The system ate my original post. This is a repost.
You may enjoy Urbano's unique analysis of political systems.
Urbano dela Cruz also asked several other questions:
Urbano: "how do you select the triads at each level?"
I anticipate that triad (group) selection will be done by computer. An Election Commission will maintain the voter rolls and process the data. In setting up the triads, the Commission must insure randomness at the initial level. After the initial assignments, randomness is natural because the triad selections will tend to be unpredictable.
One possible way of insuring randomness in the initial triad assignments is to maintain the rolls in an unordered fashion with new voters added to the bottom and deletions in place. In this case, the grouping would be a two-step process:
Step 1: A bottom-up grouping of the voters in sets of three.
Step 2: Repetitively applying a geographical-based algorithm to optimize the groups in terms of each voter's residence until an optimum point is reached; the point at which the greatest distance between two voters can not be reduced.
For subsequent levels, as each group reports its selection, the selection will be added to a "level-list" in the order in which they are received. The "level-list" will then be processed in the same way as the voter rolls.
This is one possibility. I'm sure professional data managers can come up with something better. Obviously, I'm assuming that such a geographical-based algorithm exists or can be constructed.
Urbano: "you require that a person can't vote for himself in a triad so there is the possibility of a three way tie each time. how do you resolve that?"
"If a group is unable to select a representative in the specified time, the group is disqualified."
This is, I think, an important feature. If none of the three is able to persuade the other two that they are worthy of selection, they are not suited for public office. (If they can not persuade two people of their value, would we want them representing us?)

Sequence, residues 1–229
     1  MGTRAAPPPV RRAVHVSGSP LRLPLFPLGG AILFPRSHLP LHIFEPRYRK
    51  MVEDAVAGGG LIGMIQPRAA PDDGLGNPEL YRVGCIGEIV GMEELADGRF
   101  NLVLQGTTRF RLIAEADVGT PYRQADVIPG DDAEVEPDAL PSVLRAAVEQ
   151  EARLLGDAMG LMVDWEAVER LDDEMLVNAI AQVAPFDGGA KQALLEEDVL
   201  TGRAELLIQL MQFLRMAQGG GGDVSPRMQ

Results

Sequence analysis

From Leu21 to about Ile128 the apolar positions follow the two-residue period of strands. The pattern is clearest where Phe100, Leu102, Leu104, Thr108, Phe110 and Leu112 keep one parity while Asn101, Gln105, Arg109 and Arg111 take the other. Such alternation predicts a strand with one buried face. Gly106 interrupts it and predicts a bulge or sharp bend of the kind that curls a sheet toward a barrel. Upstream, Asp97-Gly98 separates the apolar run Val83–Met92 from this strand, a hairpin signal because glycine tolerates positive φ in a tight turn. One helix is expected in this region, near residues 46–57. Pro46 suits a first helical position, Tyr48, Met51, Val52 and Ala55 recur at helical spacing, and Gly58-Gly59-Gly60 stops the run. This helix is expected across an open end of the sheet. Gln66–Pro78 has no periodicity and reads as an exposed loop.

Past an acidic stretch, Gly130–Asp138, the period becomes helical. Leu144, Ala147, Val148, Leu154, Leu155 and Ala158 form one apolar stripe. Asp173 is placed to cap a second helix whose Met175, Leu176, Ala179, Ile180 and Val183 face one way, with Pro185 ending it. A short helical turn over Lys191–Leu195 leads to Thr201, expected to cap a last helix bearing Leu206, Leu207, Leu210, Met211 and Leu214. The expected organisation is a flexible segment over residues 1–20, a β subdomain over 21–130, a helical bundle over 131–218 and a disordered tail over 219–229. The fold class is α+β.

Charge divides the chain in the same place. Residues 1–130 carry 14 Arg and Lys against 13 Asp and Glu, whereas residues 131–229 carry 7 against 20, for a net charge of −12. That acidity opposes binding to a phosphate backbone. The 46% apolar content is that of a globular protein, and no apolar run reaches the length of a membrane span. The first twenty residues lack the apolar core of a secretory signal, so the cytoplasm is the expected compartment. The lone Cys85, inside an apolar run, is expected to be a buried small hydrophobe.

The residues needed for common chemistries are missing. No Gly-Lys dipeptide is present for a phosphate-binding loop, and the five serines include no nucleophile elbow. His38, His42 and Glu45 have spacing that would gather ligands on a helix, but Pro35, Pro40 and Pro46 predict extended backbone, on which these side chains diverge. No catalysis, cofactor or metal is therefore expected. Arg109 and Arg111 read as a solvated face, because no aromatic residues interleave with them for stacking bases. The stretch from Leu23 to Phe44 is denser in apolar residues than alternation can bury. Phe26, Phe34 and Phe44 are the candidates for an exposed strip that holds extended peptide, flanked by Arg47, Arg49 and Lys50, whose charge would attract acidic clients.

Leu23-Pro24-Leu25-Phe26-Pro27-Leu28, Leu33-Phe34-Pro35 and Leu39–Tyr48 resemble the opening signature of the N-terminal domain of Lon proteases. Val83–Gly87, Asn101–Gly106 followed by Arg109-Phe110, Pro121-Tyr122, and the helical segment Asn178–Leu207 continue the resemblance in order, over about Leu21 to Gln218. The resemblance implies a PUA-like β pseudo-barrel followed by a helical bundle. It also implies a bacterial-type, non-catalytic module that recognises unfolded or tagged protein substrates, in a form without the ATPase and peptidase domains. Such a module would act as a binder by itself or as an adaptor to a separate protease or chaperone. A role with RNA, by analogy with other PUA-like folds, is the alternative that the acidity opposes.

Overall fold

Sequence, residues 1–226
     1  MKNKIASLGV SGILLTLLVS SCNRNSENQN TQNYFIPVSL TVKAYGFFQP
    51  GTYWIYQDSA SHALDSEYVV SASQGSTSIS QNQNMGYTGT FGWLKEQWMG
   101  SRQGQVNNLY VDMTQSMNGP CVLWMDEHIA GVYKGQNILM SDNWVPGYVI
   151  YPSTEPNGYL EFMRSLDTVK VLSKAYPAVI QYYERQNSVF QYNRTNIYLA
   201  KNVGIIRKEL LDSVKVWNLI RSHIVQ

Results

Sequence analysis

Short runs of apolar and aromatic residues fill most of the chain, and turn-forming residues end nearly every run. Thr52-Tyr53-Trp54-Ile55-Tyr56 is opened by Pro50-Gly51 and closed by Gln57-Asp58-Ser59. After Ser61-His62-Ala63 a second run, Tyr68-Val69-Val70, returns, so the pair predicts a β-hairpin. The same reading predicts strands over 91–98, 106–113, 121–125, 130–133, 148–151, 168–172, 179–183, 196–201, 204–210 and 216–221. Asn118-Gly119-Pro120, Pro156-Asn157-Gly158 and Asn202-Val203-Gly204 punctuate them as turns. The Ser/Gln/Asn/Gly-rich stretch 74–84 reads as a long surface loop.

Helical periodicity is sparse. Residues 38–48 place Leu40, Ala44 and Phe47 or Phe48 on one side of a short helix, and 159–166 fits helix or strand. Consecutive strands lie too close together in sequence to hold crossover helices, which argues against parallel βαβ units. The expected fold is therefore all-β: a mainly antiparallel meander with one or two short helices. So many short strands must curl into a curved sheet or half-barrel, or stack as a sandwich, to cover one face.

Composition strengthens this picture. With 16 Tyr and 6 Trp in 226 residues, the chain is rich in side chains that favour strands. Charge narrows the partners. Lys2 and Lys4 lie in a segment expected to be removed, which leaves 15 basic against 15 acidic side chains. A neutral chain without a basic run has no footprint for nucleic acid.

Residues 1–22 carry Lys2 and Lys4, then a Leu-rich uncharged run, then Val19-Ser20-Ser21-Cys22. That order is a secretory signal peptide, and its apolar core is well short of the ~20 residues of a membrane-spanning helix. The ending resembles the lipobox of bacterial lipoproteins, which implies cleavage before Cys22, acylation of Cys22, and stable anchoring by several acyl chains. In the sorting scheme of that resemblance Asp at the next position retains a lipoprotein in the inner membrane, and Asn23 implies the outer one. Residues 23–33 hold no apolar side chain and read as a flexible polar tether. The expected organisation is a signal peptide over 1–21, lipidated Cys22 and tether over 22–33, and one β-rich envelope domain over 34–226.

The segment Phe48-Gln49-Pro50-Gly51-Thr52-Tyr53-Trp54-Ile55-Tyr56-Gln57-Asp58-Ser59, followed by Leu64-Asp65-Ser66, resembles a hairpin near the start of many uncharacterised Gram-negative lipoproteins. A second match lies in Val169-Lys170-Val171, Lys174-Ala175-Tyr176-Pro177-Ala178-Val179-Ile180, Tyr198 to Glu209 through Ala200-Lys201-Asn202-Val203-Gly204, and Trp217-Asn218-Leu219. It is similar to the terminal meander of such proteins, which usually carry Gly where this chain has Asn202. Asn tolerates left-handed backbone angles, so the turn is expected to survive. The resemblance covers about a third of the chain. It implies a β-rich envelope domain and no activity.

Urbano: "what if the worthy ones lose interest early?"
Many worthy people shun public life. I don't think we can decide who is "worthy" and who is not, except by their willingness to make their presence felt on our society. If you don't mind a modest jest on a serious topic, judging by our present electoral process, the less worthy people are, the more interest they have in public office.
Your question invites two other observations:
1) The triad/troika process I've described completes in some number of months. Since it is progressive, I think those who advance will have a increasing interest rather than diminishing. That seems less onerous than the "campaign trail" which one must traverse to the end before finding out whether or not they have been rejected.
2) The process will require a law similar to that which allows military reservists to spend time on active duty without penalty at their place of employment. Those who advance can not be economically penalized for doing so.
Urbano: "will the process of self-selection defeat the intent? i.e. -the more determined ones will keep moving forward -with no accounting for actual abilities?"
Determination is one of the many traits successful candidates will require. I don't consider that a bad thing.
Their accountability will be severely tested. One may self-select, but one can not advance without convincing two other people, who (at the upper levels) have as much interest in advancing as they do, that they have the talents and abilities that make them the best choice of the three.